Just as Blair and New Labour were serious about all those public political retreats, and always intended to take the neo-liberal project on to new levels, so the SNP leadership intends to pursue a similar path after 2014 – beginning with cuts in corporation tax. This has been the one consistent SNP policy demand, throughout its submissions to Calman, Salmond’s kite-flying ‘Devolution-Max’ proposals and ‘Independence Lite’. Flat rate taxation could well follow. Holyrood’s current Finance Secretary, John Swinney, is a supporter; whilst, as James points out, another Right wing, Holyrood minister, Michael Russell, has wet dreams about “slash{ing} public spending to East Asian levels” (13).  The only thing partly disguising this constant Rightwards trajectory will be the willingness of current and any post-2014 Westminster governments –  Con-Dem, Conservative, Lab-Dem or Labour (14) – to move even more rapidly in the same direction.


Attacking the British Left unionist idea of a ‘progressive Britain’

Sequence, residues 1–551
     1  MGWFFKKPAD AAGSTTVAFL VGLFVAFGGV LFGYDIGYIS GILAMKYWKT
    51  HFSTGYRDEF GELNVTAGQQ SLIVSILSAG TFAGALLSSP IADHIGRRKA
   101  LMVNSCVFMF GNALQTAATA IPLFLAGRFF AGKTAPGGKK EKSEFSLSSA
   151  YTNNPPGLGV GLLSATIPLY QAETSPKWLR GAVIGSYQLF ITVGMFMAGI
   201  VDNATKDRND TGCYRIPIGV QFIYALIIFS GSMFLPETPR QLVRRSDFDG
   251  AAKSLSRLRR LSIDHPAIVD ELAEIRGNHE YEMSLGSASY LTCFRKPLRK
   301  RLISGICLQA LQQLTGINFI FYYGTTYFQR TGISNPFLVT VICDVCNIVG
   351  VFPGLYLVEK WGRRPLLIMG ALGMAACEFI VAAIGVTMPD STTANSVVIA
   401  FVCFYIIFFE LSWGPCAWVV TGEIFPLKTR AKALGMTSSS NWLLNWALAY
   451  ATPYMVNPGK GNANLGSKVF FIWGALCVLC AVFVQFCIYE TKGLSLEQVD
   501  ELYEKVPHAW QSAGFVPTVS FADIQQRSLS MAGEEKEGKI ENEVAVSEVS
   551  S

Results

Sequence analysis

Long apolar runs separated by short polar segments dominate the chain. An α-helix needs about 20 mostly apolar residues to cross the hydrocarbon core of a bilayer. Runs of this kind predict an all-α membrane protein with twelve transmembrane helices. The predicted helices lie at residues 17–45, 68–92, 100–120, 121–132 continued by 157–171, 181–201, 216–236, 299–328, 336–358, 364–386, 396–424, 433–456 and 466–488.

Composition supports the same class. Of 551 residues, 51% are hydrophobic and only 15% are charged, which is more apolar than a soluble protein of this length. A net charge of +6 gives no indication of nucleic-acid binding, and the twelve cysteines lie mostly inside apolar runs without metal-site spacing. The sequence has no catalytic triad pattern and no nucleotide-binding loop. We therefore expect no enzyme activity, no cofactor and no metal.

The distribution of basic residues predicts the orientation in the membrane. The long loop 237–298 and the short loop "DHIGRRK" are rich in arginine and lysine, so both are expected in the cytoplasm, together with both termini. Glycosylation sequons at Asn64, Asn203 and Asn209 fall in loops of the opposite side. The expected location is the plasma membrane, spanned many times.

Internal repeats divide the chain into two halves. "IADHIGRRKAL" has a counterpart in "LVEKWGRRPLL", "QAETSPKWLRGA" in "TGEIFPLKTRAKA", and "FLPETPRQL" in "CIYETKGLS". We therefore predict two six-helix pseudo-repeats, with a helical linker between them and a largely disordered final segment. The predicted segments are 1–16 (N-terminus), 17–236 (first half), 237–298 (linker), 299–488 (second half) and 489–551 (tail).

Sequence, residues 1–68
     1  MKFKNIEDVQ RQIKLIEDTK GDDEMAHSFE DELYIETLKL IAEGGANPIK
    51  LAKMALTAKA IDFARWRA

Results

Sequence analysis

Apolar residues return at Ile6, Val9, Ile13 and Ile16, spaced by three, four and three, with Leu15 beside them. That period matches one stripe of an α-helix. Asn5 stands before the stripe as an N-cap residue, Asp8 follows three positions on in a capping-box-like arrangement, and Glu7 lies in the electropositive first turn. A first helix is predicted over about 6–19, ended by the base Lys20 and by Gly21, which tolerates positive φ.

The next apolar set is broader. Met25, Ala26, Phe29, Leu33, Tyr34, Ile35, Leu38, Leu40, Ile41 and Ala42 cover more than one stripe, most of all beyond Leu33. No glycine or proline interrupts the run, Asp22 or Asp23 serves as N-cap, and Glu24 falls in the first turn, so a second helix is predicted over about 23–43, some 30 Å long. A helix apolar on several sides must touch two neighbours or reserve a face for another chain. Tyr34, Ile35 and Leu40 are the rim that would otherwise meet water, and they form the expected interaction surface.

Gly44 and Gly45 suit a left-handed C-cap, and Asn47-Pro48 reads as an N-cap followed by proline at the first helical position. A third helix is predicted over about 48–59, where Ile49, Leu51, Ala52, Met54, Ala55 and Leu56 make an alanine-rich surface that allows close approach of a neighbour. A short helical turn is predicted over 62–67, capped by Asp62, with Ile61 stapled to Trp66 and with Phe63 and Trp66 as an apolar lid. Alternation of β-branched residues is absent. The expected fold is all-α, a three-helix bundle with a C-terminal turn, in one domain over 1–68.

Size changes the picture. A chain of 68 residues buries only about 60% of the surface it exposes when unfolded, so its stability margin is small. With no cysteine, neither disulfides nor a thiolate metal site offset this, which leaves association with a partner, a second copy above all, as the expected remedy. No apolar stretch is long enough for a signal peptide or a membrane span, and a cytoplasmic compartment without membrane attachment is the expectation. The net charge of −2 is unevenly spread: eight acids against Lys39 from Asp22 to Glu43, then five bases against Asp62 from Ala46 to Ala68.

James uses his next three chapters to undermine the notion, still peddled by Scottish Labour and other Scottish Left unionists, of a ‘progressive Britain’ bequeathed by the post-1945 British Labour government, which built on the British armed forces’ contribution to the defeat of Nazi Germany, to go on to create the Welfare State. The titles of each of these chapters – Britain’s Economic Miracle; Rogue State: Britain in the American World Order; and Empire Denial: Continuity and British Identity, shows us James’ mounting anger. It rises to a crescendo when dealing with “B-L-I-A-R” (15) and his New Labour government’s commitment to Bush’s war in Iraq.

James quotes Scottish Labour’s very own Gordon Brown and his support for British imperialism, not only today, but in the past too (16). Chapter 4 highlights the fact, that far from longstanding imperial decline leading the British ruling class to reassess its imperial role in the world, it has remained firmly set on maintaining its war-mongering capabilities, only now as a loyal ‘spear carrier’ for US imperialism.